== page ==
LAST Christmas audiences at The Lowry were left thrilled, stunned and at times scared by the National Theatre production of The Ocean at the End of the Lane based on the Neil Gaiman novel.

Now Ocean is heading back to Salford Quays before ending a 12-month long tour back in London’s West End.

For Finty Williams. who plays Old Mrs Hempstock, it’s going to be a special week.

Lancashire Telegraph: Finty Williams (Old Mrs Hempstock) in The Ocean at the End of the Lane 
                                                                                                (Picture: Brinkhoff-Moegenburg)

“We are all so excited to be coming back,” she said. “Everybody was so kind to us and it’s where it all began. It felt like a massive group effort and in a way, The Lowry is its rightful home.”

Blending puppetry, illusion and a challenging script, Ocean is a thought-provoking piece of theatre. A man returns to his childhood home following the death of his father and is transported to his childhood when he recalls his friend Lizzie and her family.

Were they witches? Did the events he recalls even really happen?

“It is an extraordinary work and it’s the hugest of privileges to have been involved in it,” said Finty. “When I saw the first run through in the rehearsal room of the first half of the show I shouted out loud because I couldn’t believe these people I was having tea and coffee with in the morning had created this thing that was so special.

“Occasionally I get to watch the end of the first half and it still makes me as excited as it did last October.”

The sheer scale of the production is amazing.

Read also: Five-star review for Ocean last time it was at Lowry

“That’s all to do with the crew who pack everything up and travel with it around the country,” said Finty. “I think it takes seven trucks to carry everything around.

“After Covid a lot of productions were understandably pared down and the casts were perhaps not as big but this is a show with all the credibility and all the greatness of a static show in London.”

Old Mrs Hemstock is a mysterious character - part wise-woman, part narrator - as a supernatural world threatens a seemingly idyllic part of the countryside.

“It is a challenging storyline,” said Finty. “Maybe the first time you see it, for the first 20 minutes you can’t quite decide what genre it is, then it all kicks in and be comes something quite extraordinary.

Lancashire Telegraph: Millie Hikasa (Lettie), Keir Ogilvy (Boy) in The Ocean at the End of the Lane (Picture: Brinkhoff-Moegenburg)

“I can understand that many people come back and see it more than once because it is one of those shows where you will find something new in it each time.

“Even for me having heard the same lines for a year there are bits which will still surprise me - that’s the brilliance of the writing.”

Ocean is also blessed with some stunning visual effects, illusions and, without wishing to give too much away, the odd terrifying creature.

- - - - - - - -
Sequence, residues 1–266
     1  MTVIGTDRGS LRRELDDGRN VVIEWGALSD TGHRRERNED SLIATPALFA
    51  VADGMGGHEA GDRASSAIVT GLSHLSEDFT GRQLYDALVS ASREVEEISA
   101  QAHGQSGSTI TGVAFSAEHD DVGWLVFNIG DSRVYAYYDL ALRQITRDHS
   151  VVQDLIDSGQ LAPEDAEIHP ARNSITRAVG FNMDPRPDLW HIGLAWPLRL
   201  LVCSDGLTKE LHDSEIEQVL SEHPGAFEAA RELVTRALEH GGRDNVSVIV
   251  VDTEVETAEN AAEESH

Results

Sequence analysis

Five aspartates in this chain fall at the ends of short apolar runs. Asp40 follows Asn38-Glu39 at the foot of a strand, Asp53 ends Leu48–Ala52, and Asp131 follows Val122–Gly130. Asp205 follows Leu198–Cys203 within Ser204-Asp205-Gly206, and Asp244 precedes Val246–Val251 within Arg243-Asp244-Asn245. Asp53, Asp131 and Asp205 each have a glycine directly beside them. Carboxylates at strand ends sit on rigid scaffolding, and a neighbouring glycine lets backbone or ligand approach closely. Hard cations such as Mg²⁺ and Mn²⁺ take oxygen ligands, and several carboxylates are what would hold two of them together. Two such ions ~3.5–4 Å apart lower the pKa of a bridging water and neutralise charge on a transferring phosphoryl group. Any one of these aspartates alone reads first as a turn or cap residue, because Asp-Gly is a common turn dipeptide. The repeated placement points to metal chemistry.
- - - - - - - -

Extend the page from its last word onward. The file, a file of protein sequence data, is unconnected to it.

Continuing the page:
“There is an element for the audience of not quite being able to work out what they are looking at and I love that,” said Finty. “It’s rather like when I went to see War Horse - the National Theatre production which introduced full-sized puppetry into theatre.

“I can see it’s a puppet and I can see people working on it but my heart will over-ride any other sensibility and I’m now looking at a creature I don’t understand.”

Ocean is a demanding show for the entire cast.

“I just come in with too many clothes on and shout a bit and wave my stick and leave,” laughed Finty. “But for the movement people it is incredibly taxing on them and Millie and Keiron who play the boy and Lettie. I don’t know how they do it. Then I realise they are half my age which probably has a lot to do with it. I just look at them and get tired.”

Finty - who to parents with young children will be best known as the voice of Angelina Ballerina - had seen the show in the West End before taking on the role of Old Mrs Hemstock.

“I had friends who were in it so that give me a rough hold on what to do,” she said. “You do feel very much a custodian of that part as you know people have played it before and played it brilliantly. But you also want to bring something to the role and have your own interpretation of who she is.”

Ocean has proved to be a huge hit with younger audiences - it carries a 12+ age advisory.

“It’s a production that’s got quite a few strong women in it. It’s about young people who are struggling so maybe people come and get something important out of it.

Lancashire Telegraph: Finty Williams (Old Mrs Hempstock) and Millie Hikasa (Lettie) in The Ocean at the End of the Lane (Picture: Brinkhoff-Moegenburg)

“Maybe this is an audience who were a bit too young for War Horse so they haven’t seen a show where what happens is proper magic. I’ve been in it a year and I still don’t know how certain things happen.”

Having spent so long on tour, how does Finty feel about the run ending?

“Oh, don’t!” she said. “The thought of leaving behind these people, I can’t go there is my head yet.

“In our business it’s so rare to get a contract that lasts a year. At the beginning you think ‘how am I going to cope get to the end?’ then at the end you start to think ‘how am I going to cope not seeing these people every day?’."

The Ocean at the End of the Lane, The Lowry, Salford Quays, Wednesday, October 4 to Saturday, October 7. Details from